The James Webb Space Telescope (JWST) has had its first glimpse of a long-awaited set of targets – the atmospheres of some of the seven Earth-sized planets surrounding the star TRAPPIST-1, just 12 parsecs (39 years) away. -light) of the Earth. All seven are in or near their star’s habitable zone, where liquid water could exist, and astronomers consider them the best-known laboratory for studying what makes planets beyond the solar system conducive to life.
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What researchers have seen so far is preliminary and does not yet indicate what sorts of atmospheres these planets might actually have. But if they have atmospheres dense with intriguing molecules such as carbon dioxide or methane, the $10 billion telescope will be able to detect them in the months and years to come. No other observatory has been powerful enough to spot these atmospheres.
“We’re in business,” Björn Benneke, an astronomer at the University of Montreal, said at a symposium on early JWST results in Baltimore, Maryland, Dec. 13.
The TRAPPIST-1 planetary system, mapped in 2017, offers astronomers multiple chances to understand the formation and evolution of Earth-sized worlds around a single star. The star is relatively faint and cool, and the seven planets are nestled closer to it than Mercury orbits the Sun.
JWST observes all the planets in its first year of science operations, which began in June. Many of these observations have already been taken, but none had been shown publicly until this week’s symposium, which took place at the Space Telescope Science Institute, JWST’s operations center.
The TRAPPIST-1 planets are labeled b through h, with b being closest to the star and h being farthest.
Benneke showed the first JWST studies of TRAPPIST-1g. So far, the telescope has been able to determine that it probably doesn’t have a hydrogen-rich atmosphere, which would be relatively easy to spot because it’s physically so large. This could mean that the planet has a denser atmosphere, made up of heavier molecules, such as carbon dioxide, or no atmosphere at all.
JWST studies planetary atmospheres primarily by observing how they filter starlight passing through them as they pass in front of the star. The molecules that make up a planet’s atmosphere can tell how it evolved and whether it might have life on its surface. It will take even more observations and time to analyze the data collected so far, before researchers know if TRAPPIST-1g has an atmosphere, and if so what it is made of.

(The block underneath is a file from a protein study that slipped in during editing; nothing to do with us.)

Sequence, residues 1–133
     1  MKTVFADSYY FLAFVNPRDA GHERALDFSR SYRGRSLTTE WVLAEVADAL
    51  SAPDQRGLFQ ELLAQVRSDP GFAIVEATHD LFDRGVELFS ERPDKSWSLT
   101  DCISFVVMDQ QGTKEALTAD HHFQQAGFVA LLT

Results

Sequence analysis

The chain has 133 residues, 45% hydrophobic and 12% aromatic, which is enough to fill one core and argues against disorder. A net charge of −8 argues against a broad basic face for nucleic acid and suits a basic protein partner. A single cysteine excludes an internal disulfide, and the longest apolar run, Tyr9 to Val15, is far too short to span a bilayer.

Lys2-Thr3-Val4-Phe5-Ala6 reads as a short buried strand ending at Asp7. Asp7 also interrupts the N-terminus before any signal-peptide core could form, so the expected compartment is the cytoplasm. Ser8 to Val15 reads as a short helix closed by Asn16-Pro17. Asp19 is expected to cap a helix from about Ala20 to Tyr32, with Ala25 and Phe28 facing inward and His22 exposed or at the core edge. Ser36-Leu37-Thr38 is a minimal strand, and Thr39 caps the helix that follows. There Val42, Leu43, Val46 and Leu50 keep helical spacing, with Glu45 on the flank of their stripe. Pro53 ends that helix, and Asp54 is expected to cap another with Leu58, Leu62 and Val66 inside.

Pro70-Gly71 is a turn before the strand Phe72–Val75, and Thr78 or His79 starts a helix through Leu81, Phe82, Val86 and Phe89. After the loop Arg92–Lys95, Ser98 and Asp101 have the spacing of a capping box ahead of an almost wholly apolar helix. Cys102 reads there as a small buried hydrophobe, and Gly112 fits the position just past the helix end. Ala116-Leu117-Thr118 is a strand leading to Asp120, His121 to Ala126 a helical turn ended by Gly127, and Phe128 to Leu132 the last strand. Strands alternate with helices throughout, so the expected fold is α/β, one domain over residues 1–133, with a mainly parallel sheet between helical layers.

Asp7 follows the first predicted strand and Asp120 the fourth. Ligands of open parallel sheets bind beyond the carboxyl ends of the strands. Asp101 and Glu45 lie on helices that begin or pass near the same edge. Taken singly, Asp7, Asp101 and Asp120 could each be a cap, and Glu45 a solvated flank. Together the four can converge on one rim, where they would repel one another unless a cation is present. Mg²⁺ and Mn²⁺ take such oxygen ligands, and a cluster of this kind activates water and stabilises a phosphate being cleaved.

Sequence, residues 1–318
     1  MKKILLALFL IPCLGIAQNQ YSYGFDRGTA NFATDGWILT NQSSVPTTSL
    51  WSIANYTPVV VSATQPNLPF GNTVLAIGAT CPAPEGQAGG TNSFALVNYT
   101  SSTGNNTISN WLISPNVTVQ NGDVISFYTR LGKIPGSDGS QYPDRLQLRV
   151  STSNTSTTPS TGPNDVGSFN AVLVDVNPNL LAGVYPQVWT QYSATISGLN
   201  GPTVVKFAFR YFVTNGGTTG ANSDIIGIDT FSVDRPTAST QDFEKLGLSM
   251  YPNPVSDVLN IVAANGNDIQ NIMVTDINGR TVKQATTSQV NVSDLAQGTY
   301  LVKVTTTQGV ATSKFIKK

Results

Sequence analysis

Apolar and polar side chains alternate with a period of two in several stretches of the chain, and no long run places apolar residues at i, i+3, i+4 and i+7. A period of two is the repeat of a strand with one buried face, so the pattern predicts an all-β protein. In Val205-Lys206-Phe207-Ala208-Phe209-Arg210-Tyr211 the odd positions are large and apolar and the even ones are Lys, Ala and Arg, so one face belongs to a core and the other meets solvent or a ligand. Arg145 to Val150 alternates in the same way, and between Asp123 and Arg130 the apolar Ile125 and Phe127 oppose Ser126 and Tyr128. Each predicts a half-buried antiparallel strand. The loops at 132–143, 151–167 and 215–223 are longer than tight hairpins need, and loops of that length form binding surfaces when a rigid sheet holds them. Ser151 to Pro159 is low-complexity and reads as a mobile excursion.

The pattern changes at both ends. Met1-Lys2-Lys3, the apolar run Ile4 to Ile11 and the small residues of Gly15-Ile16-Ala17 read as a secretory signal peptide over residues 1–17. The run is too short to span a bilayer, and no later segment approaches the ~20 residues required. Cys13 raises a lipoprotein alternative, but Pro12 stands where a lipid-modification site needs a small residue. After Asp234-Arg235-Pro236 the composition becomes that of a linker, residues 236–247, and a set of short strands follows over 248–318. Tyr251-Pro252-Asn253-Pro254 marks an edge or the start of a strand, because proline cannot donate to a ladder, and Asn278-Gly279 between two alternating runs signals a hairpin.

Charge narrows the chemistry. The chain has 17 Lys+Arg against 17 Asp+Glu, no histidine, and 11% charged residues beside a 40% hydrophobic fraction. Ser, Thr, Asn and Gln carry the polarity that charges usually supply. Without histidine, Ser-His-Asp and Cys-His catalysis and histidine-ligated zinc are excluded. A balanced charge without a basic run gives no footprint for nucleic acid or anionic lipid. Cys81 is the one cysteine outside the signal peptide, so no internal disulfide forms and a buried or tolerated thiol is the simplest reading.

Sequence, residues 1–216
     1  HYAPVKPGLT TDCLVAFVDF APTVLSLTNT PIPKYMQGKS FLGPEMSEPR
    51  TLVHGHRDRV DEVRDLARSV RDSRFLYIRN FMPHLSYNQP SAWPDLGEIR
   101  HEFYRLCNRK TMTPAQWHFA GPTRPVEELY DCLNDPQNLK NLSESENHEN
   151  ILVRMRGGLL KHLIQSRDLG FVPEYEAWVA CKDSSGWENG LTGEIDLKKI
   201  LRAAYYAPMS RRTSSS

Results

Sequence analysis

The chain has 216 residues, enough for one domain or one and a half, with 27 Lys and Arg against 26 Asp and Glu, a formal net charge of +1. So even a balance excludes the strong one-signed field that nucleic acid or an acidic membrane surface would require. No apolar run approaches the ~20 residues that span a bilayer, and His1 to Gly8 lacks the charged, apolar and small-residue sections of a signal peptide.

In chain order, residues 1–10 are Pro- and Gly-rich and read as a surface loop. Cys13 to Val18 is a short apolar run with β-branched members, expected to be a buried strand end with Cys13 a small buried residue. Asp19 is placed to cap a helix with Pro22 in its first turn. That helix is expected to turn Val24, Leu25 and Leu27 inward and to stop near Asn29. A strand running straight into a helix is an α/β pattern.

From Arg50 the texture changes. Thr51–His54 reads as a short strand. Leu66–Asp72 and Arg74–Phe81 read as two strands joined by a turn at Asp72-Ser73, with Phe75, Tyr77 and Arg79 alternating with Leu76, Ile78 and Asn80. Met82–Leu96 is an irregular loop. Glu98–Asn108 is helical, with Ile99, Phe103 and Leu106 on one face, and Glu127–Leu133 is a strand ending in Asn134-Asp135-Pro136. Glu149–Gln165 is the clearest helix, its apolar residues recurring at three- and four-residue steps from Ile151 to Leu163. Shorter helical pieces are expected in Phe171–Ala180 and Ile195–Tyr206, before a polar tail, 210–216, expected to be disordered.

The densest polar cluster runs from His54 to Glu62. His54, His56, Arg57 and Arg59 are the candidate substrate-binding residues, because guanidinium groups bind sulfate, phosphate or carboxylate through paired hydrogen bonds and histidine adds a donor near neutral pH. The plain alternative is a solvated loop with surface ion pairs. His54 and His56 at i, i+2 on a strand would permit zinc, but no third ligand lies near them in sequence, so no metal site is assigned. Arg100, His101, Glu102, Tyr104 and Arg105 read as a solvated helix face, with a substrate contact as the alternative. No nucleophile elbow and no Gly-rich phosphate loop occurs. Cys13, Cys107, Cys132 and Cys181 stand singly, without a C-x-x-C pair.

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TRAPPIST-1 data is much harder to analyze than data collected from larger exoplanets, including WASP-39b, a planet closer to the size of Jupiter that JWST has studied in detail. TRAPPIST-1’s planets are much smaller and the signal from their atmospheres harder to disentangle. Magnetic disturbances in TRAPPIST-1 can also induce signals that confuse data interpretations.
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“We needed that first look to know what we’re dealing with,” says Knicole Colón, an astronomer at NASA’s Goddard Space Flight Center in Greenbelt, Maryland, who was not involved in the work. Benneke declined to speak to reporters about the TRAPPIST-1g results, citing an article under review in a scientific journal.
In a poster presentation at the conference, Olivia Lim from the University of Montreal showed two JWST observations of the system’s innermost planet, TRAPPIST-1b. She too has not yet been able to pick up a signal indicating the planet’s atmosphere. But preliminary studies suggest that, like Planet 1g, it probably doesn’t have a puffy, hydrogen-rich atmosphere.
Lim has several other observations of other TRAPPIST-1 planets already underway, including one taken last week that she hasn’t had time to look at yet in the rush of JWST results. “It’s hectic,” she said.
But more findings on the extraordinary planetary system are on the way, says Colón: “During the next year, we will have a family portrait.
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